Proceedings of the National Academy of Sciences of the United States of America

Central oxytocin inhibition of salt appetite in rats: evidence for differential sensing of plasma sodium and osmolality.

PMID 8234302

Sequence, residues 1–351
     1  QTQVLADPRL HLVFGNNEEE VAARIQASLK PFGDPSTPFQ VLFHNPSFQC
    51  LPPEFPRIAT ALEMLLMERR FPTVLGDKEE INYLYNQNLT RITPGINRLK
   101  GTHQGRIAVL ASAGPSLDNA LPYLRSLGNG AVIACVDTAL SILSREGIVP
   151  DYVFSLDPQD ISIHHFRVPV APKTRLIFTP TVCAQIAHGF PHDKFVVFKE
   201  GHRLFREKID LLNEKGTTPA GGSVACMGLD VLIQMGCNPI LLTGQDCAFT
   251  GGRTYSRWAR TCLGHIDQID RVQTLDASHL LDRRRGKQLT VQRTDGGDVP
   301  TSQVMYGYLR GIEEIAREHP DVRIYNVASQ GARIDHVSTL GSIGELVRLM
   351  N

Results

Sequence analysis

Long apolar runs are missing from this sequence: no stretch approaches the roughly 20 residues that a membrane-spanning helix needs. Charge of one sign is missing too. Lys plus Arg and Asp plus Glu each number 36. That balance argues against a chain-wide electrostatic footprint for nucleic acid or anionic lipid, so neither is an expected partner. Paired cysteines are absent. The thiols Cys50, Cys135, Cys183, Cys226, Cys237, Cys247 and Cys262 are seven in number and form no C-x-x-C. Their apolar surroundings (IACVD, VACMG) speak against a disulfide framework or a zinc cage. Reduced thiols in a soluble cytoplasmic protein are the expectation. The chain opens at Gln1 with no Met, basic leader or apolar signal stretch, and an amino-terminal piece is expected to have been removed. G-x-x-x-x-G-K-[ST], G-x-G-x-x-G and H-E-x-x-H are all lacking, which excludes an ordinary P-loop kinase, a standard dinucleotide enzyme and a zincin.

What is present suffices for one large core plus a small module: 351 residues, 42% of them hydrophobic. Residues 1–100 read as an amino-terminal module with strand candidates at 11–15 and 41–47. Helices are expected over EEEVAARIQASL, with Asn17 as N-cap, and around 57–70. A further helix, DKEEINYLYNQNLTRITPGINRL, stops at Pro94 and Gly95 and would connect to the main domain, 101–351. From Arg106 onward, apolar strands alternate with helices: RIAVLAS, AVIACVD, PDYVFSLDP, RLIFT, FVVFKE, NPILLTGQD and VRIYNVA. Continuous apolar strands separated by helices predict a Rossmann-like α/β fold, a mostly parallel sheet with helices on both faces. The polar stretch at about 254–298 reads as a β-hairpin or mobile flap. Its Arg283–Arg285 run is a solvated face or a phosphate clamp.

Sodium chloride ingestion is stimulated during conditions of sodium deficiency to maintain body fluid and electrolyte balance. Recent studies have indicated that salt appetite in rats is often inversely related to peripheral and central secretion of the hormone oxytocin (OT). We studied the potential role of central OT on salt and water ingestion by treating rats intracerebroventricularly with OT conjugated to the A chain of the plant cytotoxin ricin (rAOT) to produce a chronic selective inactivation of brain cells containing OT-receptive elements. The rats treated with rAOT and control rats treated with the ricin A chain alone were given 5-hr two-bottle (water and 0.5 M NaCl) drinking tests 30 min after they were made hyperosmolar by injections of hypertonic (2M) mannitol solution, which elevated plasma osmolality but reduced plasma Na+ concentration. In the control rats only water intake was stimulated in response to the induced hyperosmolality, but in the rAOT-treated rats hypertonic mannitol caused a robust salt appetite as well as thirst. Analogous results were obtained in rats treated with two different OT-receptor antagonists prior to induction of hyperosmolality with mannitol. In contrast to these results, when hyperosmolality was induced by administration of equivalently hypertonic (1M) NaCl, which elevated both plasma osmolality and plasma Na+ concentration, only water intake but not salt intake was stimulated in both control and OT-receptor antagonist-treated rats. When salt appetite was stimulated by the physiological stimulus of polyethylene glycol-induced hypovolemia, hypertonic mannitol similarly inhibited salt ingestion in control animals but not in rAOT-treated rats, whereas hypertonic NaCl inhibited subsequent salt ingestion in both groups. These results suggest that salt appetite is regulated by both Na(+)- and osmolality-sensing mechanisms in rats. In addition, they indicate that central OT likely mediates a significant component of osmolality-related inhibition of salt appetite but does not appear to be essential for Na(+)-related inhibition of this important homeostatic behavior.

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